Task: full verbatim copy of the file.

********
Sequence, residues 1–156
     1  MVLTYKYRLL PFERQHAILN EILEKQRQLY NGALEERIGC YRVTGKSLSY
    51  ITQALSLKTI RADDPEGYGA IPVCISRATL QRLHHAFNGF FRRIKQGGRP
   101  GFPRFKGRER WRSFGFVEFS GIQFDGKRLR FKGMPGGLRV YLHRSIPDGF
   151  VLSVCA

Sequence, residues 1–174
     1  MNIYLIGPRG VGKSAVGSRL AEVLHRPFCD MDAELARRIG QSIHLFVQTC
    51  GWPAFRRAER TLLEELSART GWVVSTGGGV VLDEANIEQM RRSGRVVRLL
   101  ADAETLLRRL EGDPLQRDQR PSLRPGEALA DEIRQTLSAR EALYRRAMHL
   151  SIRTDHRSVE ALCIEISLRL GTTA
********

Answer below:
Sequence, residues 1–156
     1  MVLTYKYRLL PFERQHAILN EILEKQRQLY NGALEERIGC YRVTGKSLSY
    51  ITQALSLKTI RADDPEGYGA IPVCISRATL QRLHHAFNGF FRRIKQGGRP
   101  GFPRFKGRER WRSFGFVEFS GIQFDGKRLR FKGMPGGLRV YLHRSIPDGF
   151  VLSVCA

Sequence, residues 1–174
     1  MNIYLIGPRG VGKSAVGSRL AEVLHRPFCD MDAELARRIG QSIHLFVQTC
    51  GWPAFRRAER TLLEELSART GWVVSTGGGV VLDEANIEQM RRSGRVVRLL
   101  ADAETLLRRL EGDPLQRDQR PSLRPGEALA DEIRQTLSAR EALYRRAMHL
   151  SIRTDHRSVE ALCIEISLRL GTTA